NOT everything in life needs to be spectacular or impressive to be worthy of appreciation. In the current age we live in, there seems to be a great obsession with standing out or being something greater.
A lot may blame social media for this phenomenon, but I feel like it's more ingrained in the general culture that has slowly been built up until this point, for years and years.
“Look better, think better, do better, be better.” Some may think it's healthy to constantly think this way, claiming that such a mindset is the only path to some form of success in life.
It just so happens that this mindset brings about disappointment both for those who “succeed” and “fail” alike, creating people who feel hopeless in life just as much as it creates disillusioned overachievers.
The idea that you need to keep working yourself like an animal just to be recognized as a valid member of society is frightening. It is one thing to be useful, it is another to be usable.
The system is built so that you are raised to believe you must learn, you are taught that you must be useful, and you are used until you are useless.
You are constantly bombarded with the idea that the value of your life is based on your long-term utility, and if you don't keep up, you'll drown.
It's enough to have a job. Even if it's nothing pretty, as long as it's honest work, there's no reason to see less of yourself.
Menial or coveted, tenured or contractual, employed or self-employed: these are all just words and labels trying to imply different perspectives of the same damn thing.
Just because you aren't out there living some fantastic, inspiring dream doesn't mean you're any less valuable than anyone who does. You don't have to change the world to prove you're worthy of living in it.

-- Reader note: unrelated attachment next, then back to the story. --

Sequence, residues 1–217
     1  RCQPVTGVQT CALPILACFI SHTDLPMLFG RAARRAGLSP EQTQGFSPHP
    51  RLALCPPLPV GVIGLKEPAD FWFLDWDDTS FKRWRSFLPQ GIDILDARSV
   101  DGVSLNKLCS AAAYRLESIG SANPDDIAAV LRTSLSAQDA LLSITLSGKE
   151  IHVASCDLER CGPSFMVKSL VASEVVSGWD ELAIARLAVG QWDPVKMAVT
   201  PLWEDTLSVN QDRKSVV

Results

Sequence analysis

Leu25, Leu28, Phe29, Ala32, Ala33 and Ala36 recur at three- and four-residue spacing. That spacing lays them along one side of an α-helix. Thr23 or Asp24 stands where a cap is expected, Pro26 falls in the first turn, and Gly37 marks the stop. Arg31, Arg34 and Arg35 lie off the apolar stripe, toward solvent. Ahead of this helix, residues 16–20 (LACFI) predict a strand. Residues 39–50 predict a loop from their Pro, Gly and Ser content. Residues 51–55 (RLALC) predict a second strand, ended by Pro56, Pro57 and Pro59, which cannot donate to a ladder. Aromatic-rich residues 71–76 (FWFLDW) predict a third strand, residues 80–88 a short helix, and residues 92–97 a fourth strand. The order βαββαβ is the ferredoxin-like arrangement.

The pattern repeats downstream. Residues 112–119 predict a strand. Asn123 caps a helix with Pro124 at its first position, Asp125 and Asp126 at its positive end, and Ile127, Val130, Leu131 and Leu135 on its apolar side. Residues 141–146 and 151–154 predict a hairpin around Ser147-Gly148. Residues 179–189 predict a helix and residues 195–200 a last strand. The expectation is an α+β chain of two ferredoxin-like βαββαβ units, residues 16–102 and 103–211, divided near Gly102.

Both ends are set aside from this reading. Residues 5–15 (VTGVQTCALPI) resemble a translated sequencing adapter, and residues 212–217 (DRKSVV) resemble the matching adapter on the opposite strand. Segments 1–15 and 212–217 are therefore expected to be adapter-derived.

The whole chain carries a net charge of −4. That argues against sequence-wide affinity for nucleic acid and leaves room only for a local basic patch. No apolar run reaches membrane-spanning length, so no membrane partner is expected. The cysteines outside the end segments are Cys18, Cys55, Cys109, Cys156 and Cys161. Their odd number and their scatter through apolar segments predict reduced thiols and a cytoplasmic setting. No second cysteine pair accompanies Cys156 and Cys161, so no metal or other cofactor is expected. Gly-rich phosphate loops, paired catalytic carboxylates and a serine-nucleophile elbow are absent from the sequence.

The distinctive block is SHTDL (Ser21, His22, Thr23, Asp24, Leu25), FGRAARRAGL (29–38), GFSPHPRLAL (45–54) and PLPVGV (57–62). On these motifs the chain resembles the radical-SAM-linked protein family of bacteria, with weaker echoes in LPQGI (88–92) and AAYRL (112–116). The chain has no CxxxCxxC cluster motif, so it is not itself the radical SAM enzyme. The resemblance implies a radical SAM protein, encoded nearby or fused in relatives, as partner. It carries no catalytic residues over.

Dreams are for the sleeping, so make do with whatever you wake up to and be thankful for it, even if it doesn't seem like much at first.
Just make sure you aren't getting exploited and you'll be absolutely fine.
Not All Glitz
Whenever someone famous and considered successful takes their own lives, a part of me deeply aches.
I stop to think about how this deified concept of success does nothing to protect people from the pressures of life and the woes of their own humanity.
It's not exactly a “too much of a good thing” kind of situation. The thing is that no recognition, achievement, or status in life will secure genuine happiness nor protect you from the ways of the world.
A lot of people admire those who are “on top,” but no matter how high you go, you will be just as human as you always were, and just as vulnerable.
It is through this humanity alone that your life is valuable and you are worthy of recognition, even and especially if it is your own.